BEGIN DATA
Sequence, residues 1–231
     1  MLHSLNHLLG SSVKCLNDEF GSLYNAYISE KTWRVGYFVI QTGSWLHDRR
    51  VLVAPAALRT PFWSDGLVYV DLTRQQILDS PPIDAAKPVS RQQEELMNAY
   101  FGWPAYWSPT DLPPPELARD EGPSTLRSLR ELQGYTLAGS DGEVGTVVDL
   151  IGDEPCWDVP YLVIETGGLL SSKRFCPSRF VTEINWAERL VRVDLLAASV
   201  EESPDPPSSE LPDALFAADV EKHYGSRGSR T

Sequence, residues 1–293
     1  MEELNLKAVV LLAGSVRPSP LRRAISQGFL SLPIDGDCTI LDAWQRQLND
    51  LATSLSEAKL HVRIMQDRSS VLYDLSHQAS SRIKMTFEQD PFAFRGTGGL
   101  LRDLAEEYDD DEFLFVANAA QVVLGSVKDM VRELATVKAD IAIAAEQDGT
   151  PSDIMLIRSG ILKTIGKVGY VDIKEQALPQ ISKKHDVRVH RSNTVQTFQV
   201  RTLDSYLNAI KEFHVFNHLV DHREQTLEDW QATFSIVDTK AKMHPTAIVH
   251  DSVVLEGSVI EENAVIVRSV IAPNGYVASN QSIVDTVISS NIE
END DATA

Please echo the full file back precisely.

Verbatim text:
Sequence, residues 1–231
     1  MLHSLNHLLG SSVKCLNDEF GSLYNAYISE KTWRVGYFVI QTGSWLHDRR
    51  VLVAPAALRT PFWSDGLVYV DLTRQQILDS PPIDAAKPVS RQQEELMNAY
   101  FGWPAYWSPT DLPPPELARD EGPSTLRSLR ELQGYTLAGS DGEVGTVVDL
   151  IGDEPCWDVP YLVIETGGLL SSKRFCPSRF VTEINWAERL VRVDLLAASV
   201  EESPDPPSSE LPDALFAADV EKHYGSRGSR T

Sequence, residues 1–293
     1  MEELNLKAVV LLAGSVRPSP LRRAISQGFL SLPIDGDCTI LDAWQRQLND
    51  LATSLSEAKL HVRIMQDRSS VLYDLSHQAS SRIKMTFEQD PFAFRGTGGL
   101  LRDLAEEYDD DEFLFVANAA QVVLGSVKDM VRELATVKAD IAIAAEQDGT
   151  PSDIMLIRSG ILKTIGKVGY VDIKEQALPQ ISKKHDVRVH RSNTVQTFQV
   201  RTLDSYLNAI KEFHVFNHLV DHREQTLEDW QATFSIVDTK AKMHPTAIVH
   251  DSVVLEGSVI EENAVIVRSV IAPNGYVASN QSIVDTVISS NIE